Today the team wants to catalog the environmental damage caused by two large campsites, to help plan a cleanup effort. Step one is finding the three plots, but in the past year, the vegetation has grown more than 2 meters (6 feet). It’s so dense that soon none of the team members can see anyone else. Drifting pollen fills mouths with a bitter taste.
It takes half an hour of sweaty bushwhacking to find the first piece of water tubing. Gabriel turns on a satellite tracker to map the plot, pulls on nitrile gloves, and starts digging through a trash pile inside a burned-out stump. He pulls out a propane canister, red Solo cups used to transport seedlings, a filthy pair of underwear. He counts empty bags and containers out loud: “Twenty pounds of 6-4-6 fertilizer… 50 pounds of 0-50-30… 1 pound of unknown white powdery substance in a Gatorade bottle.”
The irrigation lines lead along what were once rows of thriving plants, now barely visible indentations in the ground. A few still hold dead plants, their buds dry and mildewed. Someone calls in a dead bird on the radio. “Take a swab inside the mouth,” Gabriel replies. “Grab liver or kidneys if you can.”
Suddenly he pulls up short. It’s a single marijuana plant, small but definitely alive. “No way!” Just as quickly, excitement turns to concern. Growers often return and replant a raided site if all the irrigation line is left in place, like here. Could someone be here right now? But the plant has a taproot, which means it wasn’t planted by hand. Somehow it sprouted from a leftover seed, survived a winter buried in snow, and got itself pollinated. “Amazing. I’ve never seen that.” Gabriel shakes his head and takes a leaf sample to test for contaminants.
As it turns out, survival isn’t the only thing exceptional about the plant. Its leaves test positive for carbofuran, most likely from the soil, meaning the chemical persisted much longer than anyone suspected it could. According to official estimates, the chemical should have been gone from the soil within a month. “It’s completely new data nobody would have ever conjured up,” Gabriel says.
Pesticides are showing up on both leaves and buds at trespass grows, Gabriel says, and they appear at detectable levels when the plant is smoked. If any of this harvest makes its way to a medical dispensary, it could end up in the lungs of people who are already immuno-compromised from AIDS or cancer. There hasn’t been any formal research in California yet, but studies and investigations in Colorado and Oregon have found pesticides on marijuana in legal dispensaries, including in products that were supposedly certified pesticide-free. Last year, the Emerald Cup, a major cannabis competition in Sonoma County that focuses on organic growing, started testing entries for pesticides. About a quarter of the concentrates and more than 5 percent of flowers were disqualified.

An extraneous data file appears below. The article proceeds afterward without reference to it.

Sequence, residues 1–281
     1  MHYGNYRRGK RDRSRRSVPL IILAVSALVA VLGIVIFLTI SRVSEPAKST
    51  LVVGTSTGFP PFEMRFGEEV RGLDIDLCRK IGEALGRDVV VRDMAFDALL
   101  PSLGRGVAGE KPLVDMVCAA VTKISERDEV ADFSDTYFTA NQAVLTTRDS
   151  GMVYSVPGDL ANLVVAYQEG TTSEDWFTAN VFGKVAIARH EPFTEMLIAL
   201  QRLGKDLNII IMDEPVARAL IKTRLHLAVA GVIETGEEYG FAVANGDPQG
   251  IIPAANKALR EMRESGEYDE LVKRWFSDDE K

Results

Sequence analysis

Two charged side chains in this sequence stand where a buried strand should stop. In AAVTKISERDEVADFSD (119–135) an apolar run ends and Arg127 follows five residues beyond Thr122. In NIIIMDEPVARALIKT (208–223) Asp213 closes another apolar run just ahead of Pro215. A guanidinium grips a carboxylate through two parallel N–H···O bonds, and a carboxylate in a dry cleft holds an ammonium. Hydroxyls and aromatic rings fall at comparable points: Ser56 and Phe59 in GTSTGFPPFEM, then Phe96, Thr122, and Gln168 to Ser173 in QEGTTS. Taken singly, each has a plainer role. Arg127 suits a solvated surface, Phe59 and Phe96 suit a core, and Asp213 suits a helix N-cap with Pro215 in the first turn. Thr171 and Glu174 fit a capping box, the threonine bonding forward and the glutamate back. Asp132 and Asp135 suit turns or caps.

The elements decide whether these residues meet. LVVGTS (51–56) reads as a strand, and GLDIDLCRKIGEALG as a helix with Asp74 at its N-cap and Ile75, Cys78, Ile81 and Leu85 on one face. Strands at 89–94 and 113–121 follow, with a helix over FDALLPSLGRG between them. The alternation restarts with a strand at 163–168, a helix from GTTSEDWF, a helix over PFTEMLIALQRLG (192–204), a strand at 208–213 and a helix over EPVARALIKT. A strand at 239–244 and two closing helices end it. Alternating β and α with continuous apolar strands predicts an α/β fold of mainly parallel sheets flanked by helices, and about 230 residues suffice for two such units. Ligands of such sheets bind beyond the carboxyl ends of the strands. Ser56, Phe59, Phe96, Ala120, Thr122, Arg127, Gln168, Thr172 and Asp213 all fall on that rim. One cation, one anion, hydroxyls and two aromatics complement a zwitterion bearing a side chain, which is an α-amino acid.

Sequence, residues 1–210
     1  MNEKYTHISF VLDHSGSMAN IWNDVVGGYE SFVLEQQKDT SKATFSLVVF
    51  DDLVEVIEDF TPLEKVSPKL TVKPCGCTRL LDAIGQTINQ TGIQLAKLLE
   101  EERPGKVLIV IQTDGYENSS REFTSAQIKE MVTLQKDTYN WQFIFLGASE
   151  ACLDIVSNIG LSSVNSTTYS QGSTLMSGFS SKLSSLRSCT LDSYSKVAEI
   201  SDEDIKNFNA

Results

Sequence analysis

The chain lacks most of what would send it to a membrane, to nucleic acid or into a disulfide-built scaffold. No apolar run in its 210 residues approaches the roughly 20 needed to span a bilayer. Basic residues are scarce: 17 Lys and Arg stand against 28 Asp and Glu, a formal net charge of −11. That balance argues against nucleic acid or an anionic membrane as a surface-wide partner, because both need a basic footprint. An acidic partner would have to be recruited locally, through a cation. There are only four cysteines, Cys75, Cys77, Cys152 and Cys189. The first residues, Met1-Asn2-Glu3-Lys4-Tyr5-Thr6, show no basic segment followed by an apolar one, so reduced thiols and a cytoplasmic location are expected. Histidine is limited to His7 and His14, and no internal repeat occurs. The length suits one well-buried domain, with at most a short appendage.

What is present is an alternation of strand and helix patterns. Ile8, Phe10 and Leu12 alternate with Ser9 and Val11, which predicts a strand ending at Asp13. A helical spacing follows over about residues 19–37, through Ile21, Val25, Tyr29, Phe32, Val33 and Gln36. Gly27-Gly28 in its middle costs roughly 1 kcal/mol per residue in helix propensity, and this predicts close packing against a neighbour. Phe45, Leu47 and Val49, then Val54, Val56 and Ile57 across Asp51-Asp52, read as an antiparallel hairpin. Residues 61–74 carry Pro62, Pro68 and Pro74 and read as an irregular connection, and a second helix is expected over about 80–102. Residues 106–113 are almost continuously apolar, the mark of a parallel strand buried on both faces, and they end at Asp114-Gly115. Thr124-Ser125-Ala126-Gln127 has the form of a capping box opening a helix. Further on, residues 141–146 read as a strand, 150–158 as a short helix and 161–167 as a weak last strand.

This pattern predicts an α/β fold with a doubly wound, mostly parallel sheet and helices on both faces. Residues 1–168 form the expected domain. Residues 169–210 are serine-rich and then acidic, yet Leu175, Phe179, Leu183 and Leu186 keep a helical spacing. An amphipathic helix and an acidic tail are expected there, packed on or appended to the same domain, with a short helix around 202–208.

Higher up the hillside, at the edge of the burn scar, is what looks like a sprawling homeless encampment in the trees. Folding camp chairs, a pile of sneakers, and at least 20 cans of athlete’s foot spray are scattered around a dirt sleeping platform reinforced with logs. Four rolls of unused irrigation pipe as big as truck tires lie near a deep drift of food cans that smells like death. Each roll is a thousand feet long and retails for $250. “All of this was trucked in on someone’s back,” Gabriel says. “This is not done on a whim. This takes organization and capital.”
Just below the campsite are three natural springs, or at least what’s left of them. When Gabriel was doing owl surveys here ten years ago, the trickling springs fed a thriving wetland of willows and alders. To give the pot plants a reliable, controllable source of water, the growers dug out the springs into pools the size of hot tubs, covered with sticks and tarps to hide them from the air. As a result, the wetland is virtually gone.
In a controlled setting, a marijuana plant uses about six gallons of water per day, which over a 150-day growing season comes out to 3,400 liters (900 gallons) of water per plant. Legal growers have found their once-unrestricted water use under increased scrutiny as the state confronted extreme drought conditions. (Some grows in Humboldt County have literally sucked creeks dry, leaving salmon and steelhead to flop and die in puddles.) Under a law passed last June, growers now have to secure official water rights to get a growing permit.
Illegal grows, of course, are another story. Gabriel has estimated that trespass grows use 50 percent more water because of less efficient irrigation systems and added stressors like pests, pathogens, and drier weather at higher elevations. Worse, some trespass growers leave their irrigation systems running around the clock throughout the year, even when nothing is growing. Multiply that by hundreds of thousands of plants and you have a serious water problem. One study by the California Department of Fish and Wildlife estimated that trespass marijuana grows used about 300 million gallons of water per square mile, roughly the same as almond orchards.